Tuesday, June 17, 2008

Saying Goodbye to Tim Russert

Maria Shriver's Poem Reading To Russert
If Maria Shriver's reading of this poem during today's ceremony didn't move you, then, well, your heart's not beating:

The Little Ship

I stood watching as the little ship sailed out to sea. The setting sun tinted his white sails with a golden light, and as he disappeared from sight a voice at my side whispered, "He is gone".

But the sea was a narrow one. On the farther shore a little band of friends had gathered to watch and wait in happy expectation. Suddenly they caught sight of the tiny sail and, at the very moment when my companion had whispered, "He is gone" a glad shout went up in joyous welcome, "Here he comes!"


Anonymous said...

A beautiful tribute to a loving man. That is what is meant by humanity. And the poem brings tears to your eyes. And the rainbow as people came out of Kennedy Center..... was like God putting the finishing touches on a loving day..... saying "Well, done my humble son. Welcome Home.


Kevin said...

Thank you for posting the tribute. In this day and age of cable news programs that feature rude, obnoxious, agenda driven "journalism" Tim Russert was head and shoulders above everyone else. I would download the podcast of Meet the Press and listen to it on Sunday evening and I was never disappointed. Mr. Russert was certainly tough and unrelenting, but he also respected his guests and he never slanted his show to fit a certain agenda. If there was a story he was going to dig until he found it regardless of the politics behind it. RIP Tim, we were blessed to have been able to enjoy your work.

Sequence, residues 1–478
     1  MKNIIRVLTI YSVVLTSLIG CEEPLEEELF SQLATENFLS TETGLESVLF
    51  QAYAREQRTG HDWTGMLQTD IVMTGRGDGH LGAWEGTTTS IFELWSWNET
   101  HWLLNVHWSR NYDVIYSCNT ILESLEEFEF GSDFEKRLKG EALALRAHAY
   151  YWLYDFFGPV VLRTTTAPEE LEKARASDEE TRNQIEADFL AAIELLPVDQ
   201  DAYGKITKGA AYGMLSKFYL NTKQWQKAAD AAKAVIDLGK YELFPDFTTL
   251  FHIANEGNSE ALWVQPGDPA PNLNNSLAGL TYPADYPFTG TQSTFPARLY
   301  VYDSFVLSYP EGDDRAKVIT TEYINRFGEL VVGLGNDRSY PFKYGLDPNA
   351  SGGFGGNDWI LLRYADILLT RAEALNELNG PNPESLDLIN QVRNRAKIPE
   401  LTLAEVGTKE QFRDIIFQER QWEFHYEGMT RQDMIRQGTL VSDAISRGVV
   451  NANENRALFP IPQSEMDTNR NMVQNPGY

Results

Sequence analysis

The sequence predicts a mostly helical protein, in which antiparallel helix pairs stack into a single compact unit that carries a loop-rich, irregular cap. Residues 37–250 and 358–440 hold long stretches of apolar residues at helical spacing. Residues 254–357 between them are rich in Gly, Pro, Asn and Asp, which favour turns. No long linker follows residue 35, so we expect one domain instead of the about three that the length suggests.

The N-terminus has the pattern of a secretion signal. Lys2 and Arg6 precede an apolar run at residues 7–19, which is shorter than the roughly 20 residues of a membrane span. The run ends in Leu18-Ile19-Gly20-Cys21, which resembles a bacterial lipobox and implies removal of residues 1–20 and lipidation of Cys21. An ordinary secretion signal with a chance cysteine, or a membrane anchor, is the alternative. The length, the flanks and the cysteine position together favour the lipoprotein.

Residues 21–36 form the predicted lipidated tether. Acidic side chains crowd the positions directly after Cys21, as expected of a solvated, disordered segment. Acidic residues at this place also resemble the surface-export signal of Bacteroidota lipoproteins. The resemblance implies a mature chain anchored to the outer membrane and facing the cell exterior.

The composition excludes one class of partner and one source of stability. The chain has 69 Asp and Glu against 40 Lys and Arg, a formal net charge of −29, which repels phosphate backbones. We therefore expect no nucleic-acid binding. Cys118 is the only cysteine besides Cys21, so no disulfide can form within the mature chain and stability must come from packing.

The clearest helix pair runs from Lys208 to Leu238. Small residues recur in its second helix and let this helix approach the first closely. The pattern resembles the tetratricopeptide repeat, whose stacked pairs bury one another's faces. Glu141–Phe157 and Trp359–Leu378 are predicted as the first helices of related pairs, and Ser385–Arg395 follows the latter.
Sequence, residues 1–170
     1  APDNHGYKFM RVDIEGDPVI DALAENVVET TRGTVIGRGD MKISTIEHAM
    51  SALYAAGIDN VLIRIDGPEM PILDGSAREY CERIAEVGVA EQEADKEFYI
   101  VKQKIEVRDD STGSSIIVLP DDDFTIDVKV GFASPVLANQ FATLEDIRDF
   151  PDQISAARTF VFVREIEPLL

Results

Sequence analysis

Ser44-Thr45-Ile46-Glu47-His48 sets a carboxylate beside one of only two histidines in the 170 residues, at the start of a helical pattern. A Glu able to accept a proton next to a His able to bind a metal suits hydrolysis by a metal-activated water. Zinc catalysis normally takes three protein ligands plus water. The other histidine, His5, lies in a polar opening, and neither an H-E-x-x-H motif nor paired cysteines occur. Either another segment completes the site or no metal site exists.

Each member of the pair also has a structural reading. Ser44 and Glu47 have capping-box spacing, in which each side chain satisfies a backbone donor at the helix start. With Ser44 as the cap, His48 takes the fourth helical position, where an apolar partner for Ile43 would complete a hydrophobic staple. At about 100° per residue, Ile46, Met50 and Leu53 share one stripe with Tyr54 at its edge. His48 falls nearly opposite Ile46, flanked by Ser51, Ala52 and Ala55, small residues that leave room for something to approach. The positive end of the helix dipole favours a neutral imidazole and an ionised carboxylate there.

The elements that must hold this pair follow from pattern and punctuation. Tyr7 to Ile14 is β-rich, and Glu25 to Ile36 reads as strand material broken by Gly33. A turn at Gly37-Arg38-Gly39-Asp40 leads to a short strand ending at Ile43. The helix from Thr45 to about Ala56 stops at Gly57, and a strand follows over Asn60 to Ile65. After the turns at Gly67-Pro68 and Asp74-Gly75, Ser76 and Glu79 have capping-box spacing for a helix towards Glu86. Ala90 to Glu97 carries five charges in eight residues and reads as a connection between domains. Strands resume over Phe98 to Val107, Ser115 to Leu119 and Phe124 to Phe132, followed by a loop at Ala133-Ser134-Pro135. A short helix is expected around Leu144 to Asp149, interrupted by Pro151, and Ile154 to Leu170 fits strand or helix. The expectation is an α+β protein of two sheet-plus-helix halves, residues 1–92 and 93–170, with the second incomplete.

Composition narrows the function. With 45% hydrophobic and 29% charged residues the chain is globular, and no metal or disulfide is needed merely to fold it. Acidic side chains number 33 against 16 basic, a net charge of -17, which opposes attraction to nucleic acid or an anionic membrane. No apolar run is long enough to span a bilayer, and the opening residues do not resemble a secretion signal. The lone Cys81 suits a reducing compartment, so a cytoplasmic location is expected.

Lesa said...

Thank you, Jim. That was so beautiful. And, yes. The rainbow was magic. So perfect.

Lesa said...

Oh, Kevin.

I wish I'd been able to post everything. I've watched for five days, and some of the shows I watched three times over the weekend. He's a man I hated to lose. You just felt as if you knew him.

It's such a shame that we've lost the man who was always fair in his dealings with the politicians. He didn't yell at us. He asked the questions we wanted to. And, we trusted him to ask them.